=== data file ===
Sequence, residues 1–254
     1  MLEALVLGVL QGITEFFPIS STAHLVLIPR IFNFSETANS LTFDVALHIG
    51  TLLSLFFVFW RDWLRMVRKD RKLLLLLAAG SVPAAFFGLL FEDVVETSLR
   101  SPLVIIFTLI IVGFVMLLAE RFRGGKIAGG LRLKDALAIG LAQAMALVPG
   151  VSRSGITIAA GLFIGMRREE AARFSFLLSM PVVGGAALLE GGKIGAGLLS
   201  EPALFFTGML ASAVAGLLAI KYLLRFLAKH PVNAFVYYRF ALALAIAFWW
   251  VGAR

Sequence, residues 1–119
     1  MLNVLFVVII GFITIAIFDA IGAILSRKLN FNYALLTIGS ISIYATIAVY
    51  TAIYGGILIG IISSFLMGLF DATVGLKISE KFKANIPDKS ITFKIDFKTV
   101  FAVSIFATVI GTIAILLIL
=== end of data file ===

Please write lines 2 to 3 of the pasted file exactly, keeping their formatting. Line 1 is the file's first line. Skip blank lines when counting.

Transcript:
     1  MLEALVLGVL QGITEFFPIS STAHLVLIPR IFNFSETANS LTFDVALHIG
    51  TLLSLFFVFW RDWLRMVRKD RKLLLLLAAG SVPAAFFGLL FEDVVETSLR